We consulted with Dr. Renner of Rainland Farm about the behavior that we were seeing, and we have started her on a trial of Regu-mate. Regu-mate is an oral progesterone medication that is used to suppress heat cycles in mares. Lacey’s issues seem hormonal in nature and appear to be related to her cycle, so we’re hopeful that this medication will get this problem under control. If it is a hormone issue, training alone is not going to be the answer. Trying to solve estrus-related behavior problems with training is like picking a fight you’re never going to win.
If the Regu-mate works and Lacey’s behavior issues disappear, we’ll know that we’ve gotten to the root of the problem. If this is the answer, a long-term solution would be surgery to remove her ovaries. Regu-mate does no harm to horses, but it is readily absorbed into human skin and can cause issues for women. Spaying Lacey with a laparoscopic procedure would be a viable alternative to long-term medication administration.
Mares don’t typically go into heat during the winter. Because of this and the fact that Lacey’s bad behavior isn’t constant, we may not have our answer for a few months. If the behavior continues even on the Regu-mate, however, we’ll have an answer sooner rather than later and at that point will have to come up with a new game plan. But we’re hopeful that the medication will do the trick and we’ll be able to have our sweet mare back again.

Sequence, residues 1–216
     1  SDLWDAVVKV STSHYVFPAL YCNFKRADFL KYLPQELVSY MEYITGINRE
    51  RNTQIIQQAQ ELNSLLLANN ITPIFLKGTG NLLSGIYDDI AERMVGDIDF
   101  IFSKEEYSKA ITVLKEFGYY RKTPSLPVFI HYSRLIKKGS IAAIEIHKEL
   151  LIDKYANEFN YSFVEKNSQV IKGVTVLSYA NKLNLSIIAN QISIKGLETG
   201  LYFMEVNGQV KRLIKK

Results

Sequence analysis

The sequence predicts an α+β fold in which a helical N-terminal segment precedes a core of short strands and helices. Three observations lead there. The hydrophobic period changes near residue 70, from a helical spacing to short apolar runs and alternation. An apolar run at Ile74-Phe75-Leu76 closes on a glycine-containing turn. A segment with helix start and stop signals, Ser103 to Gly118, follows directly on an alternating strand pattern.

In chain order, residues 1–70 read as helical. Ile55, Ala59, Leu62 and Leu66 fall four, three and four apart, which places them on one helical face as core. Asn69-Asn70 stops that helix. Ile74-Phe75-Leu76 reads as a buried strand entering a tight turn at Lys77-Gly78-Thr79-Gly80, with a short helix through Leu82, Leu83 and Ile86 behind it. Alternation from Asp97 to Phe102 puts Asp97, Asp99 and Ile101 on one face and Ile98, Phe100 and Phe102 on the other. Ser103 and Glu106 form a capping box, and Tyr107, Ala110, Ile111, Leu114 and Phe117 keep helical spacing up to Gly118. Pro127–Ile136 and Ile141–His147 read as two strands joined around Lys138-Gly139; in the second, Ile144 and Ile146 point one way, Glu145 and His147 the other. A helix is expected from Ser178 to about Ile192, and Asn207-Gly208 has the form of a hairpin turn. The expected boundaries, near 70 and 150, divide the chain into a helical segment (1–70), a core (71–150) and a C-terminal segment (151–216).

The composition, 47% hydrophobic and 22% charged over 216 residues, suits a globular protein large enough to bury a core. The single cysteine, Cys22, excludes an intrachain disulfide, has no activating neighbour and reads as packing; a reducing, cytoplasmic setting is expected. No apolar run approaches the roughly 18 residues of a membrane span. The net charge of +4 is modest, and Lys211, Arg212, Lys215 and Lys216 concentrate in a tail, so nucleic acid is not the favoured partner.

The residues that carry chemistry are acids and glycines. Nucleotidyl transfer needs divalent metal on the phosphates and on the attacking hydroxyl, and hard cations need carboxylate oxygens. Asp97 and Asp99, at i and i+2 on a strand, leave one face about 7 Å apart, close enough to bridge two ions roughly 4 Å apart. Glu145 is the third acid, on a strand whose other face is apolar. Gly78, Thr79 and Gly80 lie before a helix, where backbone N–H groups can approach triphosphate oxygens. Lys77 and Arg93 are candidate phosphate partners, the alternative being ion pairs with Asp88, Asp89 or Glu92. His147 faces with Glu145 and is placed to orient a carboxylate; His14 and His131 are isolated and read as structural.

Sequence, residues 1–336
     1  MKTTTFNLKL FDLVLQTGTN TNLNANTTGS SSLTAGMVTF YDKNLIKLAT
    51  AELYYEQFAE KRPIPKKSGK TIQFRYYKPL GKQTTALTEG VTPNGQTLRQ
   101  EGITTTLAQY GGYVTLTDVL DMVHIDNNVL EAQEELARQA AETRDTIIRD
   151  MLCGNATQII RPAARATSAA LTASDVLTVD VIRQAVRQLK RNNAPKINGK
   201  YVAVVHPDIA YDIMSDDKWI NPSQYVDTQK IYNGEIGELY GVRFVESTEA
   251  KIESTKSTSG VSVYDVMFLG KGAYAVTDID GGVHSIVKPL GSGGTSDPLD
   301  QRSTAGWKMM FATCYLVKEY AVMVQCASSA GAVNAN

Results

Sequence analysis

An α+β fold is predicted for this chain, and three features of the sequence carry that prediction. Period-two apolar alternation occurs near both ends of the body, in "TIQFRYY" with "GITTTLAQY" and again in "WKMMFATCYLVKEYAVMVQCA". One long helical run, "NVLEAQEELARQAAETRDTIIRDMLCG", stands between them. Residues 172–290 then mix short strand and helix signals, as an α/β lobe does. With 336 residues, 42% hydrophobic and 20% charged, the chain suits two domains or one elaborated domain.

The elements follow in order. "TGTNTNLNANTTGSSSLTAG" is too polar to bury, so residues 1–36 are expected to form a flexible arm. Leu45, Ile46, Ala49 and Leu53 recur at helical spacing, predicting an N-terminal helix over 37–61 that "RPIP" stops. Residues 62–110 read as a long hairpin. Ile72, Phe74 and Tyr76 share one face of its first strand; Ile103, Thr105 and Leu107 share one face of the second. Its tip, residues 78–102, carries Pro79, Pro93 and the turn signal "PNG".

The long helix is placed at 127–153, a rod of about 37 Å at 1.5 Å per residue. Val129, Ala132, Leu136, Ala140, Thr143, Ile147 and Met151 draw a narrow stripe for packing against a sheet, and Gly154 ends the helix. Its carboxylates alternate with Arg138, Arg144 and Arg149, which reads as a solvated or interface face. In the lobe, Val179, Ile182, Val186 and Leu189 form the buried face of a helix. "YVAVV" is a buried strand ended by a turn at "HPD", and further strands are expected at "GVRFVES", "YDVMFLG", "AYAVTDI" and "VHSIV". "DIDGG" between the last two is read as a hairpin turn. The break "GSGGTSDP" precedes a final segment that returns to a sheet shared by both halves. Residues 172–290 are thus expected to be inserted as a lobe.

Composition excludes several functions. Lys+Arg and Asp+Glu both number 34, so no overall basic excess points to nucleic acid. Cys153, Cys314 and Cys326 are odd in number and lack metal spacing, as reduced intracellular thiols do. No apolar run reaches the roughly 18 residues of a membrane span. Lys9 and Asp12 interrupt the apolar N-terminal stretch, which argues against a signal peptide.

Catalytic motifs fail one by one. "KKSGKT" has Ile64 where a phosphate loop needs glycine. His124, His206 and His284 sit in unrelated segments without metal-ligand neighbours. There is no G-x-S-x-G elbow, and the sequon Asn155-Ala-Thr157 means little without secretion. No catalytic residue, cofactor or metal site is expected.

SAFE was honored to be invited by Pet Connection Magazine and Dirtie Dog Photography on an exciting new television project called the Limelight Project. Their goal is to bringing more exposure to rescue organizations to help adoptable horses find families while increasing awareness about the work of the rescues interviewed. SAFE chose Lacey to spotlight for the interview. Here is the wonderful video and GORGEOUS photographs of this most deserving and adoptable mare! We cannot thank Tracy and Marika enough for their time and kindness to SAFE and Lacey.
Thanks to The Limelight Pet Project for featuring Lacey!
The Limelight Pet Project is a campaign local to Washington that shines a light on harder to adopt pets and the people who help them. We’re delighted they chose Lacey to share this month on Q13 FOX.
Here’s the video from The Limelight Pet Project on Facebook:
Link to article on Q13 website: https://q13fox.com/2019/09/10/lime-light-pet-project-meet-lacey/